Statistics released today show that at the end of 2016 there were 5.0 million people working in Switzerland out of a population of 8.4 million, an activity rate of 58.4%, or 68.6% if those under 15 are excluded – the activity rate is the percentage of a population working full time.
Of those not working another 224,000, or 4.6% of the working population, were looking for work – based on the International Labor Organisation definition of unemployment.
Least affected by unemployment were those aged 50 to 64 (3.6%), the tertiary qualified (3.1%) and Swiss (3.3%). Those worst affected included those aged 15 to 24 (7.8%), those with no post-school qualifications (8.5%), foreigners from the EU and EFTA (6.2%), and foreigners from other countries (13.1%). Overall, 8.3% of foreigners were unemployed.
With 3.3% of Swiss out of work versus 8.3% of foreigners, some might assume that foreigners are putting in less toil than Swiss. According to activity rates this is not so. At the end of 2016 63.8% of foreigners were active compared to 56.7% of Swiss, a difference of 7.1%. The gap is even larger when those under 15 are excluded. Here the difference is 9.2%, 75.6% of foreigners versus 66.4% of Swiss.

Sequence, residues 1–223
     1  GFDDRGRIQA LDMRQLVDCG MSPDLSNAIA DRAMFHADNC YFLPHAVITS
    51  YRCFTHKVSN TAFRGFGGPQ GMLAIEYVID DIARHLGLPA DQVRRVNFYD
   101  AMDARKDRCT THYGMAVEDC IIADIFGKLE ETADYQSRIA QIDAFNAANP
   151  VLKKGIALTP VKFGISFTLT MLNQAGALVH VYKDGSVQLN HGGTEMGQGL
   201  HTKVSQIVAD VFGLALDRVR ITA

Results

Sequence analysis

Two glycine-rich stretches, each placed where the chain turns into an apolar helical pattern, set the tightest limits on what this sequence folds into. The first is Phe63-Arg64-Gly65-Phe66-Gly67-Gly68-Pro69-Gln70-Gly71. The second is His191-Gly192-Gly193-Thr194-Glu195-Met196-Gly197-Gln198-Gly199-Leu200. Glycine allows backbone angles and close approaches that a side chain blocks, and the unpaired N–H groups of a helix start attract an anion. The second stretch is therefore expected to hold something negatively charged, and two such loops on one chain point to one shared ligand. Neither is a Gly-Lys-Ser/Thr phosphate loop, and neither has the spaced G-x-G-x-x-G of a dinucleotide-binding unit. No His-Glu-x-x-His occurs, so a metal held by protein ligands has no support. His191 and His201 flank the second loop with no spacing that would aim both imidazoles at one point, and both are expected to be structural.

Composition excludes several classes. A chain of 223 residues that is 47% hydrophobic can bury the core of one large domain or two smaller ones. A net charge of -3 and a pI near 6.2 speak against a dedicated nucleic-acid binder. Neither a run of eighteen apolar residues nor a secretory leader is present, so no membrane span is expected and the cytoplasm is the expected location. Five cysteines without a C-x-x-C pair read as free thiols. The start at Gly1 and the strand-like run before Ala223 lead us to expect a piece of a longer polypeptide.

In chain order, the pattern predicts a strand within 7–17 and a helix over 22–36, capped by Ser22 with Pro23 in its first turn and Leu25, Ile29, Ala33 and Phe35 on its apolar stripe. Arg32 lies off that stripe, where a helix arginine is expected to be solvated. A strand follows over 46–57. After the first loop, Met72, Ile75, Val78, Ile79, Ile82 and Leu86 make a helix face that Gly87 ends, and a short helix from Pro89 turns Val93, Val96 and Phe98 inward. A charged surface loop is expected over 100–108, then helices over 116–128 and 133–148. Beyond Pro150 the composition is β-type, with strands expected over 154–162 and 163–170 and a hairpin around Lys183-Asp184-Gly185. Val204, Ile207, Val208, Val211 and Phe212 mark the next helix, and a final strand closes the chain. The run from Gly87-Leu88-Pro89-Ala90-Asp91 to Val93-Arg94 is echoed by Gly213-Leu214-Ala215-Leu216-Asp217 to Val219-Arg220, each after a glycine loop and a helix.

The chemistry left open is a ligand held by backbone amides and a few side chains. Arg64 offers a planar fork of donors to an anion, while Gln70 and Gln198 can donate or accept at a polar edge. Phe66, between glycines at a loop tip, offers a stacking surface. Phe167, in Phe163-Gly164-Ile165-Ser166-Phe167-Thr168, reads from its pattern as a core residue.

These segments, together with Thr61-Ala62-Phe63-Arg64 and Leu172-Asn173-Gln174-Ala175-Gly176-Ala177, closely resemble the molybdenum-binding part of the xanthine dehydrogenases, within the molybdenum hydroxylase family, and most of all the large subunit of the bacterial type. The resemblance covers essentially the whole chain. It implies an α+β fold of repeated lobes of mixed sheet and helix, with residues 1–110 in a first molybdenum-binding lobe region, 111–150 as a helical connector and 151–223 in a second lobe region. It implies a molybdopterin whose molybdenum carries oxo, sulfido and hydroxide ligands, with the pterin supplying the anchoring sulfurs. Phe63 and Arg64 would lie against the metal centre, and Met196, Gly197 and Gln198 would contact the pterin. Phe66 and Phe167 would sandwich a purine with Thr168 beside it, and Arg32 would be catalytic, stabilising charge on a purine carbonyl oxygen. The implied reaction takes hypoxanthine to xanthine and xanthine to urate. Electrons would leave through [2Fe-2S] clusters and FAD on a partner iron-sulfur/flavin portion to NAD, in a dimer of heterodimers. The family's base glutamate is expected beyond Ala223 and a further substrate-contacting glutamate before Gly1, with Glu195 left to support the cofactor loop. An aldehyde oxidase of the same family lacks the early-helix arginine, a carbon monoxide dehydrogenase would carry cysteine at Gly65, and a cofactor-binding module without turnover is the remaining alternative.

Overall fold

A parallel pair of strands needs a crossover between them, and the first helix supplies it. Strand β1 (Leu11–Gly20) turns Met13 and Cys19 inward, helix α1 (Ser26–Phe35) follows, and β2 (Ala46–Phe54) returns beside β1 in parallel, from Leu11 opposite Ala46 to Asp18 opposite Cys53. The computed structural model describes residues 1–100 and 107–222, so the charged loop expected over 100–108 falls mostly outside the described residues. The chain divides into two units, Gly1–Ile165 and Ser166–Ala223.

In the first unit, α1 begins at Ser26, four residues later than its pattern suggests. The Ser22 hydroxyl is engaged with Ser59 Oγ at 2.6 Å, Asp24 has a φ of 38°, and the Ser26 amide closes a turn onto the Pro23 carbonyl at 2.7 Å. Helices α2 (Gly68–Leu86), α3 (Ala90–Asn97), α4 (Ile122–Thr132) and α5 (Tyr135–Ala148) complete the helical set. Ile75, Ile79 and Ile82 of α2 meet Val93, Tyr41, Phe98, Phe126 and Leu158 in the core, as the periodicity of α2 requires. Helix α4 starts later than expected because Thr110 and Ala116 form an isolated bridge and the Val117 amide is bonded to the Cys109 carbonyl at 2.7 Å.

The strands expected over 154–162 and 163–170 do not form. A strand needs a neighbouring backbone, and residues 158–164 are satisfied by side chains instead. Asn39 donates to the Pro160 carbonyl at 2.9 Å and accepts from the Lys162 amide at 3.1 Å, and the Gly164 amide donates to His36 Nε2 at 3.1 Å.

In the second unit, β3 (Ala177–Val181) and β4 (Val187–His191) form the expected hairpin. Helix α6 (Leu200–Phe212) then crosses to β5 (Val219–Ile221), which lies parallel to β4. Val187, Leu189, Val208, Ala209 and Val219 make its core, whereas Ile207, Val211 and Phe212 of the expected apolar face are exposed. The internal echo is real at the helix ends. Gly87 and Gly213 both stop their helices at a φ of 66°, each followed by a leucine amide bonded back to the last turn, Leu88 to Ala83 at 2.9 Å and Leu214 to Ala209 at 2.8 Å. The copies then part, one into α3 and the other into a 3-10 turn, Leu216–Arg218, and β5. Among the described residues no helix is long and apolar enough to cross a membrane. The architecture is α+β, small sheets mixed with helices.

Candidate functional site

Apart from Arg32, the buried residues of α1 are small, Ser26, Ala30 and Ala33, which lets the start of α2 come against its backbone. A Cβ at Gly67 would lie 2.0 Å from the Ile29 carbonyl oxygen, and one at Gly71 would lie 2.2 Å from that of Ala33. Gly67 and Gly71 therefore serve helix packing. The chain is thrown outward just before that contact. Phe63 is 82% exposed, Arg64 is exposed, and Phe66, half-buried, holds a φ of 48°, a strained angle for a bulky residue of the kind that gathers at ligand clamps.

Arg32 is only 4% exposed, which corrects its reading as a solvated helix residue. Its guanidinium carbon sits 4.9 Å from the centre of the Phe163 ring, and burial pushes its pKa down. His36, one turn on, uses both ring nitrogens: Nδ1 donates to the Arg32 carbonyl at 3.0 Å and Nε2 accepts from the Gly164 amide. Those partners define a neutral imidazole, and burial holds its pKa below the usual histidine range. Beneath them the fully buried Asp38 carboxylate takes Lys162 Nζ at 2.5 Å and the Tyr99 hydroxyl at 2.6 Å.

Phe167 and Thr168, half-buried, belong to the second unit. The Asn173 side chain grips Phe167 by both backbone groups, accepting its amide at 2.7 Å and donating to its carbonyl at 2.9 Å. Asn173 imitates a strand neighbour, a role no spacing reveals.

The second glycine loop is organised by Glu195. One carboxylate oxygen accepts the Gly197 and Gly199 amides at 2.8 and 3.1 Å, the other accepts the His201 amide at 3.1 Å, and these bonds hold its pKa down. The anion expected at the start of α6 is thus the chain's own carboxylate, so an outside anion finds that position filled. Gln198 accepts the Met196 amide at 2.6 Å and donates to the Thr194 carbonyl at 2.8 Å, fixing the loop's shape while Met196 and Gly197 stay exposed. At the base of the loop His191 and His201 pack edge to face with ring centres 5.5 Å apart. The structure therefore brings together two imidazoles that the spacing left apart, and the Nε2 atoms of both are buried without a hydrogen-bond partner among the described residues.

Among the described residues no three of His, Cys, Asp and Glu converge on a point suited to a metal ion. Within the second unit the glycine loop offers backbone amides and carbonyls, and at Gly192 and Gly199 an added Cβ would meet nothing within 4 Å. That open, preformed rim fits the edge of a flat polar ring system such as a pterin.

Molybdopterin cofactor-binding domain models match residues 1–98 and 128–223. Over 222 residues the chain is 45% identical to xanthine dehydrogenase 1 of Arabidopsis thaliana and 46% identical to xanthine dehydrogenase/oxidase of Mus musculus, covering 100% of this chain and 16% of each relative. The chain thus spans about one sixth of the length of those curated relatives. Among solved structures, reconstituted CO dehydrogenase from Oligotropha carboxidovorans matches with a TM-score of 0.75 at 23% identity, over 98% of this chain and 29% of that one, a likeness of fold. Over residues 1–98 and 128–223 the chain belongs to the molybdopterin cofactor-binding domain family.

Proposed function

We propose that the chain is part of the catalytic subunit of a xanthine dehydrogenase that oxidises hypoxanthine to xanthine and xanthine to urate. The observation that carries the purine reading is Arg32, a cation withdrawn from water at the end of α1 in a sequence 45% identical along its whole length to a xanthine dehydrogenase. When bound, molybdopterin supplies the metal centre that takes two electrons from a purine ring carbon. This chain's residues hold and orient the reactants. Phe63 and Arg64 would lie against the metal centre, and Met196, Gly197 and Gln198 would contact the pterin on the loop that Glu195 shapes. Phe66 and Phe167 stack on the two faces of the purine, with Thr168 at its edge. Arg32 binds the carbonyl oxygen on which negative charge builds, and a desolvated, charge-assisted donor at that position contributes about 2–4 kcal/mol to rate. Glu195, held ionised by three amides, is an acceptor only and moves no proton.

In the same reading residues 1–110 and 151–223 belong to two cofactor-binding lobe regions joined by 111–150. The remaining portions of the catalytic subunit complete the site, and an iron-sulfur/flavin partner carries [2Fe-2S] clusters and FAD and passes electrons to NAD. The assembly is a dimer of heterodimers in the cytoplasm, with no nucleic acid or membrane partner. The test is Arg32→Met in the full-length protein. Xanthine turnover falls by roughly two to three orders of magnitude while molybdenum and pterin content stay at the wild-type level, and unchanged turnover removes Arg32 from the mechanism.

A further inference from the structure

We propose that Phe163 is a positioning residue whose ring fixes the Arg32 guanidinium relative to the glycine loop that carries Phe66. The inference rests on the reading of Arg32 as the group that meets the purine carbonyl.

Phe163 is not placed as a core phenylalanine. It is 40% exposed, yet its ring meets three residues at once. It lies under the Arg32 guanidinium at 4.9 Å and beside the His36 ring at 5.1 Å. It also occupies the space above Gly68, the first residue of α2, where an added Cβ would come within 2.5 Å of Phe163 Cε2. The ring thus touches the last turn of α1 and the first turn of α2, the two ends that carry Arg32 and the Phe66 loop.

Given that one of the main reasons for moving to another country is work, it is not surprising to find that foreigners are more active than the locals.
Longer lives and Switzerland’s virtually static retirement age are likely to increase the difference further.
The most active Swiss region at the end of 2016 was Zurich (71.2% of 15+). The least active was Ticino (60.5% of 15+). The Lake Geneva region was in the middle (65% of 15+)